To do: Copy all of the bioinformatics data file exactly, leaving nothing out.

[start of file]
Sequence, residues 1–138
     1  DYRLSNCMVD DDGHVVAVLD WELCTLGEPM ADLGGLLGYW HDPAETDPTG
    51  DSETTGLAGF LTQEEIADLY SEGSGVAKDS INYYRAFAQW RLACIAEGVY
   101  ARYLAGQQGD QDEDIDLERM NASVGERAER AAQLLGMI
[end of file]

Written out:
Sequence, residues 1–138
     1  DYRLSNCMVD DDGHVVAVLD WELCTLGEPM ADLGGLLGYW HDPAETDPTG
    51  DSETTGLAGF LTQEEIADLY SEGSGVAKDS INYYRAFAQW RLACIAEGVY
   101  ARYLAGQQGD QDEDIDLERM NASVGERAER AAQLLGMI